Men are getting a lesson in masculinity at Duke University in the US, following findings that ‘toxic masculinity’ creates rape culture, gun violence and oppression online.
The ‘Men’s Project’ at Duke University has helped men “begin the work of unlearning violence” for three years, through events for “men and masculine-of-center people on campus to engage with issues of gender equity on campus and beyond,” according to Campus Reform.
Last semester, the project hosted six public events on campus, including “HashtagAllMen: A Reflection on Men’s Complicity in Rape Culture” and “You Mad, Bro? White Men, Aggrieved Entitlement, and Violence.”
The events reportedly discussed masculinities’ place in creating and perpetuating rape culture, ‘aggravated white manhood’ as a common factor in mass shootings and the way power and privilege influences social media usage.
What Do We Mean When We Say “Toxic Masculinity?” https://t.co/w1II0BLlsb
— liquidat (@liquidat) January 24, 2018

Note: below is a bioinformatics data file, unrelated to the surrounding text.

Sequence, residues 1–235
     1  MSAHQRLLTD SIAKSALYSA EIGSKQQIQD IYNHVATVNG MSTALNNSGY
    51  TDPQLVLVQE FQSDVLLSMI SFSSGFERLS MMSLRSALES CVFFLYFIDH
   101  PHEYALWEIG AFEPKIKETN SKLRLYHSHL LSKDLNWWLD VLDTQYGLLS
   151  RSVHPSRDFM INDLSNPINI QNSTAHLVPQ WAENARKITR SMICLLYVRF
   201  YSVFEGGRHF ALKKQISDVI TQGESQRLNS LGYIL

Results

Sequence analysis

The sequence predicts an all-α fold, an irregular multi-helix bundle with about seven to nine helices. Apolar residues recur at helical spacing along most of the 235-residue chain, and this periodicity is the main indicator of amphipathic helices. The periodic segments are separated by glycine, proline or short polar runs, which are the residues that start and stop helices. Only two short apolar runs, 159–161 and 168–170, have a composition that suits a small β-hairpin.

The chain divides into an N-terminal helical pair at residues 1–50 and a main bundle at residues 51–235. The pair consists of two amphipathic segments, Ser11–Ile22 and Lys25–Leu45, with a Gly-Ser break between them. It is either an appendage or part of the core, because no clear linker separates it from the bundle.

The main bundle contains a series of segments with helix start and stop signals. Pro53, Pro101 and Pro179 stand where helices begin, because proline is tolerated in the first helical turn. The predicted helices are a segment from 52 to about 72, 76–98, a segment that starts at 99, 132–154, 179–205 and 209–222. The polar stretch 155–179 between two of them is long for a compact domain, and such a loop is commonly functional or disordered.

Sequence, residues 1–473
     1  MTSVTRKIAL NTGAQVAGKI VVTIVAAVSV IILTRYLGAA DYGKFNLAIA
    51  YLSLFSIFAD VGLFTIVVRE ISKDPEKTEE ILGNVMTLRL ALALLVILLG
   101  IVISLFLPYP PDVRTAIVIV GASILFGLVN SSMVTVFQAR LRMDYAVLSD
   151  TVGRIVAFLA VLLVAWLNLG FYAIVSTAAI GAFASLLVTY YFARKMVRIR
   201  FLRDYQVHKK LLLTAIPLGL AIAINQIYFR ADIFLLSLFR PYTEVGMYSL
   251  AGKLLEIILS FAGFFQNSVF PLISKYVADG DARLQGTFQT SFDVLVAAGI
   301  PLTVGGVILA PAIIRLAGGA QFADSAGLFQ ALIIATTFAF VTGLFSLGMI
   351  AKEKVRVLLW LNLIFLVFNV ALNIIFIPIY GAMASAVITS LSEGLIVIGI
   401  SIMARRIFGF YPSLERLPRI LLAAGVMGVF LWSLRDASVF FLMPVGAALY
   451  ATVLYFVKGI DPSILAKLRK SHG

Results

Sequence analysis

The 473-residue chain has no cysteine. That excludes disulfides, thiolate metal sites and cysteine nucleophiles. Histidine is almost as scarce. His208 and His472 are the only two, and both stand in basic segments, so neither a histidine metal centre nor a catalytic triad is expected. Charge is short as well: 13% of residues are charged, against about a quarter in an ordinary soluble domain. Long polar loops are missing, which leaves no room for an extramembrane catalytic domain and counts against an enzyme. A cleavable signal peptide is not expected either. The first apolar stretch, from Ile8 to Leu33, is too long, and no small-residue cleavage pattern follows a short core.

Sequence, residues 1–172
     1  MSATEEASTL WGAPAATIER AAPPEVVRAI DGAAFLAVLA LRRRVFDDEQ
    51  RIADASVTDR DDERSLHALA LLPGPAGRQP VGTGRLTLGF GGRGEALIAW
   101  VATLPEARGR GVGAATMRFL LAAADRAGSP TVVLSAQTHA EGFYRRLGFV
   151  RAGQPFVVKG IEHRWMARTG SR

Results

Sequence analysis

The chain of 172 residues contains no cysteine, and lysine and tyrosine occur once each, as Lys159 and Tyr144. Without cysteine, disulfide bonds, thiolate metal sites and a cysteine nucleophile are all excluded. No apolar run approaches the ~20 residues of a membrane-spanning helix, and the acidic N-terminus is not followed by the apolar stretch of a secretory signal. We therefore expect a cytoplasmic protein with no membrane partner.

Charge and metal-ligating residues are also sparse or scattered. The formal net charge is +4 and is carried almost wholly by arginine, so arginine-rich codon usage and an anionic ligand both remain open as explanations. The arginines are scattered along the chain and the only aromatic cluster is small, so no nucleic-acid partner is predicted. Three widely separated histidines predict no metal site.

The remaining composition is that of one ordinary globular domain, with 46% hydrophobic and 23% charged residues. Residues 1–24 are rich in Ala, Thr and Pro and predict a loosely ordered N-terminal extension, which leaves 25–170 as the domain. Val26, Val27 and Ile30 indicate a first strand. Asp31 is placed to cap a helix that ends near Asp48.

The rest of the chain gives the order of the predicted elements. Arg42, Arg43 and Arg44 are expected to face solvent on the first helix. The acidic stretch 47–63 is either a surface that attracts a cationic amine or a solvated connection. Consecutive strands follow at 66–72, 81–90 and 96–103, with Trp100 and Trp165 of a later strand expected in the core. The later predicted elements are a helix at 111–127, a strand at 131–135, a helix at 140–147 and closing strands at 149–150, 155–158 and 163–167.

Following the #MeToo campaign where women are finding solidarity in openly sharing stories of sexual harassment committed against them on social media, men are defending themselves with the ‘NotAllMen’ hashtag
“In the wake of #MeToo, and the response of hashtagNotAllMen, it is important to reflect on how #AllMen create an environment in which rape culture is possible,” said the “HashtagAllMen: A Reflection on Men’s Complicity in Rape Culture” event description.
“Though individual men may not be perpetrators of gender violence themselves, men’s everyday behaviors produce rape culture within society.”
But I don't. Most men I know aren't sexist. It goes without saying -but it in the face of sexism,#notallmen keeps being said & it's an odd focus. Just once it would be nice if a guy said yeah, this guy was a sexist pig and it's a problem! But they never do. They say "not me!"
— Miss Chievious. (@Petit_Galaxie) January 25, 2018
All workshops were led by the Duke University Women’s Center.
Each semester, the center recruits 15 students. The application, which is still open, warns that the program is a commitment to be taken very “seriously.”
“Grappling with these issues and being vulnerable will be challenging, and we want to make sure that we are all committed to doing this work together,” the application notes.
Duke University is one of a handful of schools that offer programming dedicated to fighting masculinity; other schools with currently active programs include Northwestern University, the University of Connecticut, Missouri State University, and the University of North Carolina, Chapel Hill.